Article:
Aside from their working life, your employees probably have some personal matters they need to attend to after work. So, avoid meeting, texting, or emailing your staff after working hours, unless it’s an urgent matter. Even then, if they say no, try not to hold them accountable for not attending to the emergency after their working hours.
Limiting the opportunities for your employees to learn will not only result in a loss for them, but also for you. Allowing your employees to pursue their passions outside of their job description will encourage the sharing culture between colleagues. As a result, not only will your employees have better relationships with each other, they’re also more efficient, and could even bring their newfound skills to help better your organisation.
As an employer, you shouldn’t tolerate managers who abuse their power even if they managed to push your company’s productivity to a higher level. “But if it works, why should I not tolerate it?” Well, even if your productivity managed to increase by a significant number, having poor managers who aren’t compassionate to their staff will only cause your company to have a high turnover rate, which is more costly in the long run.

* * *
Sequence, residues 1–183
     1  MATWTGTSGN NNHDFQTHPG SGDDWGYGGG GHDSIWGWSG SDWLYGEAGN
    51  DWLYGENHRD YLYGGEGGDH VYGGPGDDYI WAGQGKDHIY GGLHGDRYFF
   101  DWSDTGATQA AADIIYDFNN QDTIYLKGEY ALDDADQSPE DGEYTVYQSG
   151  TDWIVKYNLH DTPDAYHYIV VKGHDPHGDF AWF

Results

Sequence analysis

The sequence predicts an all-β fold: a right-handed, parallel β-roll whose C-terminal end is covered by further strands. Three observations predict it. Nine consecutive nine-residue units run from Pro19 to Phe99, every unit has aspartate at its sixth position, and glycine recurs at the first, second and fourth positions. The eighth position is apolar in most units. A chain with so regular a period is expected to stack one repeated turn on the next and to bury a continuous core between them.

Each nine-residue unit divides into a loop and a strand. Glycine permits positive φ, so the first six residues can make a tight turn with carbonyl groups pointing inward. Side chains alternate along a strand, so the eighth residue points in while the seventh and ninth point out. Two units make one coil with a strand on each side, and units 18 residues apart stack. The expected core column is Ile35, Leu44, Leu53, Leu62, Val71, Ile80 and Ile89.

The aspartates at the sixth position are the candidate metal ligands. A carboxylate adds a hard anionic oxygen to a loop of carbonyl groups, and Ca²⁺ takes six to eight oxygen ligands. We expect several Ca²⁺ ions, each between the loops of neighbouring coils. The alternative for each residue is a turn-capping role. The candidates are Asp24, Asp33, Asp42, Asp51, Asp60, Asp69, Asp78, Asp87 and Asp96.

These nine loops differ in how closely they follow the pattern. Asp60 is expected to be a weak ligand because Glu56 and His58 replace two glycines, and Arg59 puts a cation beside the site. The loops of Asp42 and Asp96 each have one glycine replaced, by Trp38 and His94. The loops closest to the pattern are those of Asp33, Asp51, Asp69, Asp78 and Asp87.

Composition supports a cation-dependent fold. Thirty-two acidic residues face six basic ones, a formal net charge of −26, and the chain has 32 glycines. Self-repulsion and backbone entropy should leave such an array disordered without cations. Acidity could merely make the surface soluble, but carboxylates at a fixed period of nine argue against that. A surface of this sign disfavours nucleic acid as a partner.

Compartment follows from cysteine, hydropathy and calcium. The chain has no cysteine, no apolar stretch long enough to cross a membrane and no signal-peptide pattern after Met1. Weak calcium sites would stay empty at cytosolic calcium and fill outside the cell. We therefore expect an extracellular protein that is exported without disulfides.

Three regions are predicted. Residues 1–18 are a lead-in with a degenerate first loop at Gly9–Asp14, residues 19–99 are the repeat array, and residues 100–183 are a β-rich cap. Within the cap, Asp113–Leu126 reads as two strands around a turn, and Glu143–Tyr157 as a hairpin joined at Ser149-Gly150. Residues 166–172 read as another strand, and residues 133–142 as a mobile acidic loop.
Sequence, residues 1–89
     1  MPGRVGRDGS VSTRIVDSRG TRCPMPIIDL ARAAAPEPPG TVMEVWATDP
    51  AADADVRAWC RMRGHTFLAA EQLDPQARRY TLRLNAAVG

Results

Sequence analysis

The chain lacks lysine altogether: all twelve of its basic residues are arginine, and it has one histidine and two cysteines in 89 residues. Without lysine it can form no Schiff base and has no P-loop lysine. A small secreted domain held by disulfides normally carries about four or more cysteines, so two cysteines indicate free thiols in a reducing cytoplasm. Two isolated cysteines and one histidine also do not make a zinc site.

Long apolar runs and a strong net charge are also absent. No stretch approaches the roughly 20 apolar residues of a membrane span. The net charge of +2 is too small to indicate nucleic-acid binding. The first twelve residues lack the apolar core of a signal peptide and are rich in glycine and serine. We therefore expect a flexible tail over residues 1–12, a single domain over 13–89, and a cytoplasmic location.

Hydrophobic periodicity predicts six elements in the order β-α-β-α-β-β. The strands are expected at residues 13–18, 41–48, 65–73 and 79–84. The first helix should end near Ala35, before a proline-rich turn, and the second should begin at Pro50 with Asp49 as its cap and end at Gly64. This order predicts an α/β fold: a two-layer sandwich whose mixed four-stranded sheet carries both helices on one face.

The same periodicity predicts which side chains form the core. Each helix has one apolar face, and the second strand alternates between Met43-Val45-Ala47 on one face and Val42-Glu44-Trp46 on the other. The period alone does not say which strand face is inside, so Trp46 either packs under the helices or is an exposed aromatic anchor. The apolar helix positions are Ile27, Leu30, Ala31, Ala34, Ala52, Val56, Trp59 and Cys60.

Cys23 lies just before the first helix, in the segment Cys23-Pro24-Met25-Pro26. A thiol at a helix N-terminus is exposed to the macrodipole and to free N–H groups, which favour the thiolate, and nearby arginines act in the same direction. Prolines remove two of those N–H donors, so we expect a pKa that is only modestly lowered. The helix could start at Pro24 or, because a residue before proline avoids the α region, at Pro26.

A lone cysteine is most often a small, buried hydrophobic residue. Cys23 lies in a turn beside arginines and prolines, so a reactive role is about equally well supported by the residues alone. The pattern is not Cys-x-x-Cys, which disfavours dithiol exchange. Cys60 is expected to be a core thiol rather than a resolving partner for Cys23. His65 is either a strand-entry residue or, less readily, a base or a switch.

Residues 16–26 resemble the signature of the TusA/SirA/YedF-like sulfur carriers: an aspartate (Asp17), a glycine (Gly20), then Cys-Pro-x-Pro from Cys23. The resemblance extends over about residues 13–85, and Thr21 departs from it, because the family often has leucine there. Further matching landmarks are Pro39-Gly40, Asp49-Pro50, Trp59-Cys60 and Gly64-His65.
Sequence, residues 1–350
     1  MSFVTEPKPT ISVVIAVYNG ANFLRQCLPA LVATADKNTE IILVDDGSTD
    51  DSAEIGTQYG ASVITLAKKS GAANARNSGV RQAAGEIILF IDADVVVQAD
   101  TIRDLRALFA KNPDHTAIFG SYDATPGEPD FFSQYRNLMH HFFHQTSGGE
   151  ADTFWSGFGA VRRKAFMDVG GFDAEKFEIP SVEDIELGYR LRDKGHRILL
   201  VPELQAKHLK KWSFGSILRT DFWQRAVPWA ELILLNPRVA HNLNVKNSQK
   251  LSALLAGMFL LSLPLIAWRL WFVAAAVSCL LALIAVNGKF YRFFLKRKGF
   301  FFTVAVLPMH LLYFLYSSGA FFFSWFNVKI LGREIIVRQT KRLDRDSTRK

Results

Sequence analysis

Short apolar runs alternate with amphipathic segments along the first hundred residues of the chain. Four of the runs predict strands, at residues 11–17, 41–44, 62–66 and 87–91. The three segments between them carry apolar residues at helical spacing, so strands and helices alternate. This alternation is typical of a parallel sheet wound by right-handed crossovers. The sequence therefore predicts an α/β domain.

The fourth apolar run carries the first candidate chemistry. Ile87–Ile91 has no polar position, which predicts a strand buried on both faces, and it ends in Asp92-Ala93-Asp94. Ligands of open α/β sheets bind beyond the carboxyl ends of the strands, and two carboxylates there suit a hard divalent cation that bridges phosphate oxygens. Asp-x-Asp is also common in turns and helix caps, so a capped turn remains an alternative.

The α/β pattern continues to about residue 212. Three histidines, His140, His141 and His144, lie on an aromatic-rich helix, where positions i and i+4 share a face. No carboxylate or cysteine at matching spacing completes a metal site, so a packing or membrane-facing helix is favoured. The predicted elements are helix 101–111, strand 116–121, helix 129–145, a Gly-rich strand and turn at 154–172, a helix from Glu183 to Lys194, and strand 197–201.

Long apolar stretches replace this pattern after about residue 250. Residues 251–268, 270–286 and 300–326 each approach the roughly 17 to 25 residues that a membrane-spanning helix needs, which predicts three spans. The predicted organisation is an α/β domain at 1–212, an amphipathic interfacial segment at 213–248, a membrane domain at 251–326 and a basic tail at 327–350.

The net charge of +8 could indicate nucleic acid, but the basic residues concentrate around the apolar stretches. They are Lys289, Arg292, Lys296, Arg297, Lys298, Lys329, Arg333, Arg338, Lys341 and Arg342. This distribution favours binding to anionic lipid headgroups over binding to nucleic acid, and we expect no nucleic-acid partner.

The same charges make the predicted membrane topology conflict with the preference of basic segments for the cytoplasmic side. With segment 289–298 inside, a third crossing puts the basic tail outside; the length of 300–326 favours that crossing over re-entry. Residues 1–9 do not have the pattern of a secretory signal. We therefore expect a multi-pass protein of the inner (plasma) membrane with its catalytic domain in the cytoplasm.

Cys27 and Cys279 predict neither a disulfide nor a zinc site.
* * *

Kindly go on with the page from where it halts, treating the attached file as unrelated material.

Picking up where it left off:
Although creating a healthy work culture seems to fall under the HR’s jurisdiction, the truth is, a handful of people can only do so much to create a good working environment. Positive cultures are created when everyone works together. Leaving it up to HR alone will probably make things worse, and sometimes, this is a task that requires the collective efforts of everyone.
As the saying goes, "Do unto others as you would have them do unto you" – which means that if you like working in a positive, fulfilling environment where your hard work is noticed and rewarded... make sure you create the same kind of work culture for your employees. They'll thank you for it, and strive to greater heights!